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(Discworld #5)

3.89  ·  Rating details ·  86,165 ratings  ·  2,252 reviews
When last seen, the singularly inept wizard Rincewind had fallen off the edge of the world. Now magically, he's turned up again, and this time he's brought the Luggage.

But that's not all....

Once upon a time, there was an eighth son of an eighth son who was, of course, a wizard. As if that wasn't complicated enough, said wizard then had seven sons. And then he had an eighth
Mass Market Paperback, 276 pages
Published April 2008 by Harper (first published May 26th 1988)
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Gina It's technically the fifth book, but it's the third Rincewind book, so you don't have to worry about missing out on anything. …moreIt's technically the fifth book, but it's the third Rincewind book, so you don't have to worry about missing out on anything. (less)
Benjamin I am also just now reading the book but wikipedia ( tells me that Rincewind appears in 8 books so even after y…moreI am also just now reading the book but wikipedia ( tells me that Rincewind appears in 8 books so even after you finish this one, you're less than have way done. The Rincewind books are (in order of publication):

The Color of Magic
The Light Fantastic
(small cameo in Mort but this is a Death book)
Interesting Times
The Last Continent
The Last Hero
Unseen Academics(less)

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Average rating 3.89  · 
Rating details
 ·  86,165 ratings  ·  2,252 reviews

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Start your review of Sourcery (Discworld, #5; Rincewind #3)
Mario the lone bookwolf
Mar 07, 2018 rated it really liked it
Shelves: pratchett-terry
Chastity, celibacy, abstinence, contraceptives, and vasectomy all don´t help if determination predicts and wants that the chosen one is born. To do the usual Discworld shattering stuff.

One knows these problems with prophecies, long awaited, much turmoil surrounding them, and as soon as they become reality it happens completely different than Cassandraded and Michel de Notredamed because of black swans, butterfly effects, or unexpected variations in anything quantum.

Evil, hate filled villains cou
Mar 26, 2013 rated it really liked it
Shelves: fantasy
This is going to sound rather critical despite my rating, but I feel like I ought to be rather honest. The basic over-story is pretty good, as is the action and most of the humor, but there was still swaths of text that felt like it was trying too hard.

More funny, more witty, more like Color of Magic than Color of Magic. It wasn't just Rincewind, who I always loved. Rincewind reminds me of Schmendrick from Last Unicorn, only he really doesn't have any magic at all. Ever. And yet, his whose sense
Ahmad Sharabiani
Sourcery (Discworld, #5; Rincewind #3), Terry Pratchett

Sourcery is a fantasy novel by British writer Terry Pratchett, the fifth book in his Discworld series, published in 1988.

Death comes to collect the soul of Ipslore the Red, a wizard who was banished from Unseen University for marrying and having children, something forbidden for wizards. Bitter over this fate, Ipslore vows to take revenge upon the wizards through his eighth son, Coin.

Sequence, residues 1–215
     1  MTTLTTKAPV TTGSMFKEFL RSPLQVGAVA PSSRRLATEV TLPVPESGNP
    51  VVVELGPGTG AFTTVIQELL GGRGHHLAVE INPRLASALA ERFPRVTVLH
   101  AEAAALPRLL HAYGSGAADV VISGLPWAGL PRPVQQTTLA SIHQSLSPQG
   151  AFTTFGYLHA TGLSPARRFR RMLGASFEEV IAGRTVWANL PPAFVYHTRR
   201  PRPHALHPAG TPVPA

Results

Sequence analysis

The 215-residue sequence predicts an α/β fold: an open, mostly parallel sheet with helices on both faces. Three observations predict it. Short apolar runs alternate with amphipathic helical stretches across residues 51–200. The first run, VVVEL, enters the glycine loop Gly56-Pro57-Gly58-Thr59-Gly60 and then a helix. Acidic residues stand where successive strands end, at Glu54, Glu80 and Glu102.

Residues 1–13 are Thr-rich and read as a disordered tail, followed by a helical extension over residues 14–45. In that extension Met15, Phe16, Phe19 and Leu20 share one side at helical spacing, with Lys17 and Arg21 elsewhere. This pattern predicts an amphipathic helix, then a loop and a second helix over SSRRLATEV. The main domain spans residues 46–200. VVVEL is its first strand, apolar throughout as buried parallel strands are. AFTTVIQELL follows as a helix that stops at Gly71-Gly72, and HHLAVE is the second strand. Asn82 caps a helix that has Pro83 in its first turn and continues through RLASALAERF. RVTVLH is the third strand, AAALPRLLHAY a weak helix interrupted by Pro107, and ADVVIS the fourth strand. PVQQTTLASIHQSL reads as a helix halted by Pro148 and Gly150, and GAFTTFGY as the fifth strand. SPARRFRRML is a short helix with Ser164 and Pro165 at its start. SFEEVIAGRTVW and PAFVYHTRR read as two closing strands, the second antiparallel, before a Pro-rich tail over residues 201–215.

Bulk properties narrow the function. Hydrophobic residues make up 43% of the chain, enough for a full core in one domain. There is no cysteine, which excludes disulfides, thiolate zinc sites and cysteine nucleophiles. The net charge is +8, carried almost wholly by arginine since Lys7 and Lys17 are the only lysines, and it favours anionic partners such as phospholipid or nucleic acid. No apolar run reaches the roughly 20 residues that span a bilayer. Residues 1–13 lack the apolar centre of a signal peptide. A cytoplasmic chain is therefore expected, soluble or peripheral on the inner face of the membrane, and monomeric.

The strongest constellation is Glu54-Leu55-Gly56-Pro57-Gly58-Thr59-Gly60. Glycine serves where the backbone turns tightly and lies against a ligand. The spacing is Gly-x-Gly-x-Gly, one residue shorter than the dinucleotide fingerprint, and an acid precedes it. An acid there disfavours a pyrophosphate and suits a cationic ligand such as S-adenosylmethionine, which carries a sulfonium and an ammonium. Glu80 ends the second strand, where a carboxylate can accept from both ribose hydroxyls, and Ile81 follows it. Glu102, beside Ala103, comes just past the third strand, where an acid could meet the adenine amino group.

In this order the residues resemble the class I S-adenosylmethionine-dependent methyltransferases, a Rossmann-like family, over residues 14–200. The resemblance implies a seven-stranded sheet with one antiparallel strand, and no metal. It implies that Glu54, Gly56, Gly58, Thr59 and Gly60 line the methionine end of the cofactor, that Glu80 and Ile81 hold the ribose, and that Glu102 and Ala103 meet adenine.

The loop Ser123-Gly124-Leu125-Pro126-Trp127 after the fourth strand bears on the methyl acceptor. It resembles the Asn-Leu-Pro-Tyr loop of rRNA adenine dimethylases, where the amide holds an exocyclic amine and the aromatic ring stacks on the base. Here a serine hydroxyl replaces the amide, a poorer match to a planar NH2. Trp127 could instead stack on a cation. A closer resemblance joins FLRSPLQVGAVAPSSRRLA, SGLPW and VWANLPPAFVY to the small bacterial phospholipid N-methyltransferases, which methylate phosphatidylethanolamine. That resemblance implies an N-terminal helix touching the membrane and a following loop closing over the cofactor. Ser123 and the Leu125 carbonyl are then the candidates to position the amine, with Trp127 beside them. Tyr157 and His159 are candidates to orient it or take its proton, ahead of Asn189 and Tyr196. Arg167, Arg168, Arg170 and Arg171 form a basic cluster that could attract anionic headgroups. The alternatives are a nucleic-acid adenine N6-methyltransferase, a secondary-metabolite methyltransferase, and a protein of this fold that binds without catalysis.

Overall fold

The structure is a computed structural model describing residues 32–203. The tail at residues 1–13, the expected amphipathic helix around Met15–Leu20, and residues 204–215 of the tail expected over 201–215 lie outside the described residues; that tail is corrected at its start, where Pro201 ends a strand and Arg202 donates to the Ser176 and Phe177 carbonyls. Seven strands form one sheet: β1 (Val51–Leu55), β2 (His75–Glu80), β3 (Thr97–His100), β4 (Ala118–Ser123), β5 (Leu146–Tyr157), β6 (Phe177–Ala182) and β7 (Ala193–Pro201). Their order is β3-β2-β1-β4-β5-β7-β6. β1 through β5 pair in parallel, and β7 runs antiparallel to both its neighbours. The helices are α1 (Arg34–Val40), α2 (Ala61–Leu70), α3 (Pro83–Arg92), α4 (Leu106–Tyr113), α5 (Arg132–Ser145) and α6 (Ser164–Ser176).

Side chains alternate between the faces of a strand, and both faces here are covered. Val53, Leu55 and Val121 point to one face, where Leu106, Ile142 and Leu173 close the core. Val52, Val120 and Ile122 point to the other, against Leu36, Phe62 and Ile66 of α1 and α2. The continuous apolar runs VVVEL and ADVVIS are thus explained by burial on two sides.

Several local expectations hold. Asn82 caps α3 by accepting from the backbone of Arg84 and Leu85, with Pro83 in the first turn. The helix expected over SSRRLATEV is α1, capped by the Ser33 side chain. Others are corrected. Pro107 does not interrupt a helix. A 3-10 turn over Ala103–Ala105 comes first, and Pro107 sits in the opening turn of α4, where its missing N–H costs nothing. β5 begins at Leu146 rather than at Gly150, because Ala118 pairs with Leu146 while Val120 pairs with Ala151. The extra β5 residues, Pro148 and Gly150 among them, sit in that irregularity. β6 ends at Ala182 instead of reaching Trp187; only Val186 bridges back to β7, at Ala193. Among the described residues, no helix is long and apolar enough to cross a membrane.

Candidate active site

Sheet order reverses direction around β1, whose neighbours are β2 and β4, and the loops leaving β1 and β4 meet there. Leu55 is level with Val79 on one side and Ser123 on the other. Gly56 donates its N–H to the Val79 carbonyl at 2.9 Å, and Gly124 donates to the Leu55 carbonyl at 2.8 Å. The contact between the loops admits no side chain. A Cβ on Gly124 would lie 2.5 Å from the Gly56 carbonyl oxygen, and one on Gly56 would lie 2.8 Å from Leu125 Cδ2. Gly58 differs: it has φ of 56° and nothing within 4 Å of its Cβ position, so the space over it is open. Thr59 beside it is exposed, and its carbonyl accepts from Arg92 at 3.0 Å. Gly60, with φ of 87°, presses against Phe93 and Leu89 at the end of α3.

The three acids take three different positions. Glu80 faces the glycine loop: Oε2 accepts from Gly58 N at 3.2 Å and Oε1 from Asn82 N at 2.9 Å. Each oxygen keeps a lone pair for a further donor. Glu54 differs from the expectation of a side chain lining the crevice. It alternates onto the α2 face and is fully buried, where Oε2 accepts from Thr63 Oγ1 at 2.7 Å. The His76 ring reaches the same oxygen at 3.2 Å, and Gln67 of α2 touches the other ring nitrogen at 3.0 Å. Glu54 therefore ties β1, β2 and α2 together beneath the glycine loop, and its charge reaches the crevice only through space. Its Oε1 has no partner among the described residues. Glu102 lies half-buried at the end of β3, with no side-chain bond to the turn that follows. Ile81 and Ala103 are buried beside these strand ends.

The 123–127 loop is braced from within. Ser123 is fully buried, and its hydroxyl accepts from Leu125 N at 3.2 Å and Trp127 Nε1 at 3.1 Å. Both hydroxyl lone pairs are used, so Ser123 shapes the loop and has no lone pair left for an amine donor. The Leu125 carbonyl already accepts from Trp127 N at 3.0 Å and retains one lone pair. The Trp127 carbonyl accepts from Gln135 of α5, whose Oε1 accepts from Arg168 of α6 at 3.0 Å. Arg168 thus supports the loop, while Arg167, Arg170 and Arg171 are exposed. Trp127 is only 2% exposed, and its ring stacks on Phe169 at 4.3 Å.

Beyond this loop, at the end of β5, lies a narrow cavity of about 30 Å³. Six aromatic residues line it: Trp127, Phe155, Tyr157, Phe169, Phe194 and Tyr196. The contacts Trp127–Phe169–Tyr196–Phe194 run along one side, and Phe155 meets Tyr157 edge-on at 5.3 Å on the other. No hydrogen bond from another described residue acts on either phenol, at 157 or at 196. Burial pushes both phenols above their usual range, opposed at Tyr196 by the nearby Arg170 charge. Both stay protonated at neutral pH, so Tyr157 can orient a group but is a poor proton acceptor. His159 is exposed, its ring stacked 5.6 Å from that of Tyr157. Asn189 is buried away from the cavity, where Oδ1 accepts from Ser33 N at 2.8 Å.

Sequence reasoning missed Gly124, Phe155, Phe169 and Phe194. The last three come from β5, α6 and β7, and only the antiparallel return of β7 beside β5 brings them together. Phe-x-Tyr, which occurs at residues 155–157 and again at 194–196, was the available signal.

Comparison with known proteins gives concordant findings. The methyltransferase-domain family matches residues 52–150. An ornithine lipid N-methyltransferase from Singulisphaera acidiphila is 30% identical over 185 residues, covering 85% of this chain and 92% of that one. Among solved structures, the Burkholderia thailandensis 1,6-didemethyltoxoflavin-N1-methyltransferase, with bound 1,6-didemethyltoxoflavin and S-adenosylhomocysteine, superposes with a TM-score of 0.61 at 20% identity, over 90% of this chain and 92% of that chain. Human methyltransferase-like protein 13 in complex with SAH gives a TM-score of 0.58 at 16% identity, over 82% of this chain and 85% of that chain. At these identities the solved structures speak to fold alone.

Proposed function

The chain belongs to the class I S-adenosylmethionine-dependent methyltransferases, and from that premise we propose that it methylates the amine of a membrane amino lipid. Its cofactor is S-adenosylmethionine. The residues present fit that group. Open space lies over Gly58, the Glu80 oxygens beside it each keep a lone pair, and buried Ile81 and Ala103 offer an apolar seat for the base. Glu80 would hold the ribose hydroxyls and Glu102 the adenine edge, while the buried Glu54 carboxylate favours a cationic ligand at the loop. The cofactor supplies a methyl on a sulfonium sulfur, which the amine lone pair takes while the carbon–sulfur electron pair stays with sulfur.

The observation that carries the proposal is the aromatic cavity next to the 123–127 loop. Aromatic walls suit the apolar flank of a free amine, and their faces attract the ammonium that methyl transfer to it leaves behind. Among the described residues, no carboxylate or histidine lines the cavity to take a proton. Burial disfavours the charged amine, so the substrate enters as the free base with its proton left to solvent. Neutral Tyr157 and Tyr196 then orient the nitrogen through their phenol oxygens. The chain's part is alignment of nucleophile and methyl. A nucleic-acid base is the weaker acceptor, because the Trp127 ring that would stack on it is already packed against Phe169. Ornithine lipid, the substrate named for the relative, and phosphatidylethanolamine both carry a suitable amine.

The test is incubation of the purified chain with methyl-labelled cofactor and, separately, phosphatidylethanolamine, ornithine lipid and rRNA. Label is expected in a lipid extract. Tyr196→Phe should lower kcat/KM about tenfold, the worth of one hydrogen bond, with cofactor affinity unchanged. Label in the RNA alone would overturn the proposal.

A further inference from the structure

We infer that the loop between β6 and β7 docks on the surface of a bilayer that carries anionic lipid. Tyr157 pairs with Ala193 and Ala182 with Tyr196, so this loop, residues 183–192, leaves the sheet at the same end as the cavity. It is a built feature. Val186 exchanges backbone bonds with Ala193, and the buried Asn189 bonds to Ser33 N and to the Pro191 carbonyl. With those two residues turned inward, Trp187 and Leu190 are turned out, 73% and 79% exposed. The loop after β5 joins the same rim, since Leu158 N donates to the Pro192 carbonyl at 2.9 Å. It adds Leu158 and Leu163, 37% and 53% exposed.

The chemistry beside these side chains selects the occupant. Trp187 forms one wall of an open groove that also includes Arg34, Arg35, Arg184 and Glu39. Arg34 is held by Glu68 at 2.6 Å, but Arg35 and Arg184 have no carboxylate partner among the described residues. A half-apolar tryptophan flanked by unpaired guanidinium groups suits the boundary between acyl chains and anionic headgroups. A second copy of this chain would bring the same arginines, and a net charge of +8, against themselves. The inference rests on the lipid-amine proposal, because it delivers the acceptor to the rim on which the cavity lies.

As the eighth son of a wizard, Coin is born a sourcerer,
What can one say, it had magic, it had heroes (and heroines), it had the Librarian, it had Rincewind, it had The Luggage and it had DEATH . What more do you need for a great Discworld novel.
More tomorrow, now where’s that banana 🍌

And so continues my journey through the Discworld novels. I am purposefully restricting my self to one a month to ensure that a) they last as long as possible and b) I don't binge read them all to the detriment of all other books.

This was number 5 and I started in Dec
Sep 05, 2015 rated it liked it
Sourcery is Sir Terry Pratchett’s fifth installment of his brilliantly funny and inventive Discworld series.

First published in 1988, this is another Rincewind novel and centers around the Discworld phenomena of the eighth son of an eighth son – of an eighth son!! is a Sourceror, meaning a source of magic and therefore much more powerful.

Pratchett populates this entry with many familiar characters such as The Librarian, Nijel the Destroyer and Conina the Hairdresser, daughter of Cohen the Barbari
Apr 19, 2015 rated it liked it
Back to the Pratchett reread after skipping Mort. (I love Mort, but I can just about recite it at this point; I didn't need to reread it).

On the Discworld the eighth son of an eighth son is a wizard and that would normally be the end of that. But if that wizard also has sons then his eighth son is a sourcerer, a source of magic of Disc-shattering power. Our hero from the first two books in the Discworld series, Rincewind, returns with a young sourcerer arriving at Unseen University. Events after
May 07, 2014 rated it liked it
Shelves: fantasy
Maybe I am tiring of this series. Maybe this book really was slow. Whatever the case is, I had a difficult time getting into it. The humour was sometimes engaging and sometimes forced. It almost felt like the author was following the formula that had worked in previous books and reproducing it mechanically rather than spontaneously. It reminded me of a musical band that has had a couple of hit songs and decided that since they want to make money, they better reproduce the next song with the exac ...more
2.5 stars.

I hate rating this low, but I have to be honest. I spent more time counting off pages to completion than I did on reading it.